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A Flutter Over Films At Sundance


This is WEEKEND EDITION from NPR News. I'm Scott Simon.

The Sundance Film Festival wraps up tonight, with its awards ceremony for the best domestic and foreign films and documentaries. Who knows who'll win? Probably not Kevin Smith.

Karina Longworth is the film editor and a critic at L.A. Weekly. She joins us from member station KPCW in Park City, Utah.

Thanks so much for being with us.

Ms. KARINA LONGWORTH (Film Editor/Critic, LA Weekly): Thank you for having me.

SIMON: Let's start with this Kevin Smith speech, which has gotten just about, I guess, the most widely covered news coming out of the festival. He took the stage to make some remarks at the premier of his newest film, "Red State." What happened?

Ms. LONGWORTH: Well, he had told his fans, and anybody that was paying attention via Twitter, that he was going to auction off the film to the highest bidder after the screening. And instead of doing that, he made this lecture about Indie film distribution past, present and future, and announced that he was going to release the film himself.

He basically said he thinks the model of Indie film distribution is broken because it costs so much money for a studio to promote a film, that in the end, nobody makes any money. And so he said that because he made this film for $4 million through private investments, he could easily make that money back by releasing it himself, rather than allowing a studio to do it for him, and essentially losing money to the studio. Right.

SIMON: Why was that so objectionable?

Ms. LONGWORTH: It was objectionable because he invited all of the big guys into the room to hear that speech. The people that are objecting to that movie are people that wanted to be in business with him; that wanted to basically exploit him. And he was saying Im not going to let you do that.

SIMON: What are some of the other films that have been the most talked about there?

Ms. LONGWORTH: One film that I like a lot is "The Future," which is Miranda July's follow up to "Me and You and Everyone We Know," which was at Sundance in 2005. It's about a 30-something unmarried couple who are preparing to adopt a stray cat. The cat is in the hospital and they know they're going to get in a month. And they decide that once this cat enters their life, they're going to have a kind of responsibility that theyve never known before. So they should quit their jobs and live life to the fullest for 30 days. And that leads to disastrous results.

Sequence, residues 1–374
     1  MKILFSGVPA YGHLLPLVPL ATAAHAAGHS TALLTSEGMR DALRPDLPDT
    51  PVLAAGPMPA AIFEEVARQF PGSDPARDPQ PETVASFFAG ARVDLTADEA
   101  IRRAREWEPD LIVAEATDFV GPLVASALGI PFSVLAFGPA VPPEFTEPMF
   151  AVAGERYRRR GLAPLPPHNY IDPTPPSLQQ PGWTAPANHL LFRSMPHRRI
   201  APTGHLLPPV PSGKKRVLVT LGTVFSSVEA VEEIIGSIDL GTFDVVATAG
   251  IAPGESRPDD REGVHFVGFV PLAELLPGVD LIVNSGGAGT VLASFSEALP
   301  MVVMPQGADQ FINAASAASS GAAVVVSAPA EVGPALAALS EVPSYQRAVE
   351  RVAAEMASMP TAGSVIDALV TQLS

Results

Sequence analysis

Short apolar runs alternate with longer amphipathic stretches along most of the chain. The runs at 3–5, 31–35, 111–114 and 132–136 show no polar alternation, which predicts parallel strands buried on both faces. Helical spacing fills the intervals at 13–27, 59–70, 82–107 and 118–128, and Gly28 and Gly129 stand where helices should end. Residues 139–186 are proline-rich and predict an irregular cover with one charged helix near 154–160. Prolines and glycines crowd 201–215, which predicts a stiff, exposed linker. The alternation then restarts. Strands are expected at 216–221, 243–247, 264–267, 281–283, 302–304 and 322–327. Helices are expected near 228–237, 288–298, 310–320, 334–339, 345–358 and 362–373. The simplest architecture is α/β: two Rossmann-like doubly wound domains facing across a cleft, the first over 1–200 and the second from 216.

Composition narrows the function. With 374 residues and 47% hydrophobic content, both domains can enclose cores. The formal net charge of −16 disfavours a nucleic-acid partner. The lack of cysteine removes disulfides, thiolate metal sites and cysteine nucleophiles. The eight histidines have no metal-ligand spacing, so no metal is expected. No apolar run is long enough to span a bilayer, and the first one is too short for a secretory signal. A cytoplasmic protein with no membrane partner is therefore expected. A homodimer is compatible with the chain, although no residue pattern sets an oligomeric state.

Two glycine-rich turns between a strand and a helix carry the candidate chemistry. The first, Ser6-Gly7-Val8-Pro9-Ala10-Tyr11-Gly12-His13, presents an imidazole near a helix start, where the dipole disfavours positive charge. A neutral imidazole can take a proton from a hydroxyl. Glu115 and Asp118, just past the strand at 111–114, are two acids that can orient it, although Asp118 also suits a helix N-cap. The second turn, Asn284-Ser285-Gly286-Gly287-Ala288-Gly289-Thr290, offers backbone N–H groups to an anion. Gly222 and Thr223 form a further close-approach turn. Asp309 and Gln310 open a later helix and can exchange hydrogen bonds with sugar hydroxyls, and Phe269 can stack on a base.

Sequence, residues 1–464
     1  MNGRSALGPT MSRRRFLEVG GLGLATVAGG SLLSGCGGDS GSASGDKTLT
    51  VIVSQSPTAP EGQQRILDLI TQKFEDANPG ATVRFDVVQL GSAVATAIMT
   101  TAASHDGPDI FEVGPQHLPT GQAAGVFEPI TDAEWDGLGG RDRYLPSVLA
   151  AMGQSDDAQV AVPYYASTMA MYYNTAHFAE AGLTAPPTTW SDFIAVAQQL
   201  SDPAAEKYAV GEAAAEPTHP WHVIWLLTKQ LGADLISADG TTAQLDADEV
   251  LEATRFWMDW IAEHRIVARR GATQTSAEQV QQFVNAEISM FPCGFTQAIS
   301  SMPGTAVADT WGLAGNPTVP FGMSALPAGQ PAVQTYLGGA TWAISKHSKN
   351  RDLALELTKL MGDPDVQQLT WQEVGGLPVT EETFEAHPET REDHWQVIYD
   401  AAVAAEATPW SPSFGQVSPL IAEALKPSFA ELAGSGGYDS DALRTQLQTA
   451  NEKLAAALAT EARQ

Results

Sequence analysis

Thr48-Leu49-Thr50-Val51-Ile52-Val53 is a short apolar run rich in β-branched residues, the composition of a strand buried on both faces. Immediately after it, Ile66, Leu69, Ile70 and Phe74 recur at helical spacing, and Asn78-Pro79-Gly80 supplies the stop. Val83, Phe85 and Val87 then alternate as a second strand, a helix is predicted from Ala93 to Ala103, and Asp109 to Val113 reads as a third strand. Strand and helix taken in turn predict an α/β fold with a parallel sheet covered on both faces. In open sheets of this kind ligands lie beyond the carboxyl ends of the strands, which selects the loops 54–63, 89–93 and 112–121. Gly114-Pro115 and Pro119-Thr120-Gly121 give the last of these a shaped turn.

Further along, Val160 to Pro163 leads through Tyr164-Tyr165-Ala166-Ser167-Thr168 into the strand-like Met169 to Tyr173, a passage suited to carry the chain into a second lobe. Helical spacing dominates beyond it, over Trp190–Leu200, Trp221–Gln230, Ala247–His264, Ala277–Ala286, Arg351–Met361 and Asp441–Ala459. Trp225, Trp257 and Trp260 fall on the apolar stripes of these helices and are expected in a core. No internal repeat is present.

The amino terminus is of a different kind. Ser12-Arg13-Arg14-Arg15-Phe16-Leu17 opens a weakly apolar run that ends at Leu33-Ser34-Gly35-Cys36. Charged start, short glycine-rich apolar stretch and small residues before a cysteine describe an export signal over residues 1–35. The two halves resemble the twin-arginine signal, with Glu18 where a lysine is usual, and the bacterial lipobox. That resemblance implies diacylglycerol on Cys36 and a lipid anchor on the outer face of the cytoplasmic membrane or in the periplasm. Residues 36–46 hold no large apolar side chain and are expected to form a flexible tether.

SIMON: I've heard a lot about "Project Nim."

Ms. LONGWORTH: "Project Nim" is great. It's directed by James Marsh who recently won an Oscar for the film "Man on Wire," which also premiered at Sundance. And it's a documentary about this experiment that a Columbia professor did. He took a chimpanzee away from its mother right after it was born and gave it to a family in York. And the family happened to be the family of a woman that this professor had used to be sexually involved with.

And he had the family raise the chimpanzee and teach it sign language, and treat it as though it was one of the children of the family, as though it was a human. What ends up happening is that the filmmaker creates these parallels between the professor and the chimpanzee, so that you understand nature versus nurture in a completely different way.

SIMON: What else are you hearing - people we ought to pay attention to, actors, directors, whatever?

Ms. LONGWORTH: Somebody that I definitely think has potential is Evan Glodell, who is the writer, director, star and editor of "Bellflower," which is this crazy movie about these kids who live in Oxnard, California, who build their own flame throwers and are obsessed with the apocalypse. And it's a romance but the romance and the apocalypse elements are completely fused together, and it's really violent and bloody. And I can't imagine any distributer ever buying it. And it's wonderful.

SIMON: Wow. Well...

(Soundbite of laughter)

SIMON: With that endorsement and caution, thanks very much for making the time for us. Karina Longworth of L.A. Weekly, thanks so much.

Ms. LONGWORTH: Sure, thank you. Transcript provided by NPR, Copyright NPR.